Covering 70 percent of Earth’s surface, the world’s oceans are vast and deep. According to researchers in a new study; nearly every coastal country has the potential to meet its own domestic seafood needs through aquaculture.

Source: Nature Ecology & Evolution
a, Current marine aquaculture fish production. b, Potential production if 1% of the suitable area in each country was developed for low-density marine finfish aquaculture.

The human population looks set to reach 10 billion people by 2050 and with increasing demand for fish and fish protein, this has resulted in widespread overfishing in wild fisheries. Momentum is building to look towards other potential sources of food production.

Food production on land is a major driver of global environmental change; agriculture accounts for 70% of global freshwater consumption, contributes almost 24% of global greenhouse gas emissions, and today occupies approximately 40% of the Earth’s surface.

There are, therefore, many and very powerful incentives for expansion into the oceans. However, today most of the world’s fish farming takes place in landfills, in freshwater, and in nearshore marine waters, with only a fraction that occurs in the sea.

American researchers have constructed a model for how much we could increase fish farming worldwide. The researchers divided the world’s seas into smaller squares, then examined each square, evaluation temperature, and growth opportunities for over a hundred different cultivable seafood species.

Even if we were to cultivate only 0.015 percent of the surface of the ocean, we would be able to produce as much fish as is caught in the wild today, according to the publication published in the journal Nature Ecology and Evolution.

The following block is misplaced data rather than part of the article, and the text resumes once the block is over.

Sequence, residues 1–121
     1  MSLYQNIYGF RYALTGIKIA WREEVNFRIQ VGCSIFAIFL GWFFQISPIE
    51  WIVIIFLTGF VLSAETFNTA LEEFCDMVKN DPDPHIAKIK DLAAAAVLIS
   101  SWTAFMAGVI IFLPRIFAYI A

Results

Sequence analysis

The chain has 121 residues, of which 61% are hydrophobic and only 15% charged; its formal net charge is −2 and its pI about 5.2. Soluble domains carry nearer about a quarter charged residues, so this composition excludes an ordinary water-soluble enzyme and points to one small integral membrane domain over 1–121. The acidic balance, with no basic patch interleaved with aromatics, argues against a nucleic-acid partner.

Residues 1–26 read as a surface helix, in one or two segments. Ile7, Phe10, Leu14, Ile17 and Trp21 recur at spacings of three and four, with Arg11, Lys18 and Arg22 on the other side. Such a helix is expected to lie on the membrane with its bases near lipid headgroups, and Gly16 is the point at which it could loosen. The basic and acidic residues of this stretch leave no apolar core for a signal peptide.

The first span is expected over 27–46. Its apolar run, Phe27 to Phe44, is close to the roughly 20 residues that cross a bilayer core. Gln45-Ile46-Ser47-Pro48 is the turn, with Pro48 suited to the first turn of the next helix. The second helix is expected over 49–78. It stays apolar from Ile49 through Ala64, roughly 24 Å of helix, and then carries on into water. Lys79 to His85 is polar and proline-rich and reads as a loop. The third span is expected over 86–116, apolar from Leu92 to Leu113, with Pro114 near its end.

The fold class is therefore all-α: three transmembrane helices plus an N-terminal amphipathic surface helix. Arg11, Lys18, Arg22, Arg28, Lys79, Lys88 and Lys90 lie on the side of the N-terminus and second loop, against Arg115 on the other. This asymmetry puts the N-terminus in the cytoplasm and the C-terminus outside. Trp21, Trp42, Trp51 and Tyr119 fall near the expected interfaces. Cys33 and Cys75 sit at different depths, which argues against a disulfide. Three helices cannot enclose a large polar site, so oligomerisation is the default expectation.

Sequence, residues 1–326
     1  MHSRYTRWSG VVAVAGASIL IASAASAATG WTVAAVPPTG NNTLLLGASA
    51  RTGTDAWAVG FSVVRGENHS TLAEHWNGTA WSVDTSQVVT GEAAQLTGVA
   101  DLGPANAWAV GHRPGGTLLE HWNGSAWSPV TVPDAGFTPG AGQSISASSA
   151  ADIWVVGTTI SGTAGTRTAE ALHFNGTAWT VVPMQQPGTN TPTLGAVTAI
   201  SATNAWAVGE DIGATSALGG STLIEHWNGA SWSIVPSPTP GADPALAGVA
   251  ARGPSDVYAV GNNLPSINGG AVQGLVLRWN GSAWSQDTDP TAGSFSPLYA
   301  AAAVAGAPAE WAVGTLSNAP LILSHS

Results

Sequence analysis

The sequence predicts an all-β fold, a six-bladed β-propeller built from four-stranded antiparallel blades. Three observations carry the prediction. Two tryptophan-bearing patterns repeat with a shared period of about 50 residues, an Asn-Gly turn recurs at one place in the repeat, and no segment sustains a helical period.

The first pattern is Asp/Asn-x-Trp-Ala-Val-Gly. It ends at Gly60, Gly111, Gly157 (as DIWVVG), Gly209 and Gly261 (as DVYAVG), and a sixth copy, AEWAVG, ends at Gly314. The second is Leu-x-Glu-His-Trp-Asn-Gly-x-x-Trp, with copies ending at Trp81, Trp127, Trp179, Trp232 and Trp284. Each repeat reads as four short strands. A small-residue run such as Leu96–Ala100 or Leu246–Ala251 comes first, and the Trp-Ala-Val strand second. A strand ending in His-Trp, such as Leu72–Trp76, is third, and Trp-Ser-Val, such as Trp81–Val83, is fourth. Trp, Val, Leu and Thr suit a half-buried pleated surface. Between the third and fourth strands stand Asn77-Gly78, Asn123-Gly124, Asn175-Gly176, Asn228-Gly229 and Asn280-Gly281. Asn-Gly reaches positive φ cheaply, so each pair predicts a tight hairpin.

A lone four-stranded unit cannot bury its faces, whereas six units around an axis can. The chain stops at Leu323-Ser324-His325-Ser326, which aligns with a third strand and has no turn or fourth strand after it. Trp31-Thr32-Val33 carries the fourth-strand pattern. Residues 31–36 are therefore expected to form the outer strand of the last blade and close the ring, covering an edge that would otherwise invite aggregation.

Open-ocean aquaculture appears to have several advantages over the more traditional culturing methods, including fewer spatial conflicts and a higher nutrient assimilation capacity, highlighting the opportunities for sustainable marine development.

The sea areas used for transport, the oil industry and marine reserves are not included, but researchers still came to the conclusion that there is no area that limits the cultivation. Instead, the only aspects that hinder development are political decisions, economics and distance from market to cultivation.

once the production potential was determined, we removed unsuitable areas with certain common environmental or human-use constraints. We excluded areas with unsuitable growing conditions due to low dissolved oxygen (fish only) and low phytoplanktonic food availability (bivalves only). We also eliminated areas at > 200 m depth because they are generally too deep (and thus expensive) to anchor farms, and areas already allocated to other uses, including marine protected areas, oil rigs and high-density shipping areas

The researchers found that almost every coastal country has the potential to expand its marine environment. However, for many countries where farmed fish would provide the most marginal revenue, have barely any fish farming at all today. Indonesia, India, and Kenya are mentioned as very promising.

we estimate that approximately 15 billion tonnes of finfish could be grown every year—over 100 times the current global seafood consumption.

Today, China provides the world market with over half of the world’s farmed fish. Asia – including South Asia, South-East Asia, China and Japan – is projected to make up 70 percent of global fish consumption by 2030. Worldwide, the most important fish species used in fish farming are carp, tilapia, salmon, and catfish.


Rebecca R. Gentry et al. Mapping the global potential for marine aquaculture. Nature Ecology and Evolution. DOI: 10.1038/s41559-017-0257-9

Max Troell et L. Ocean space for seafood. Nature Ecology and Evolution, news. DOI: 10.1038/s41559-017-0304-6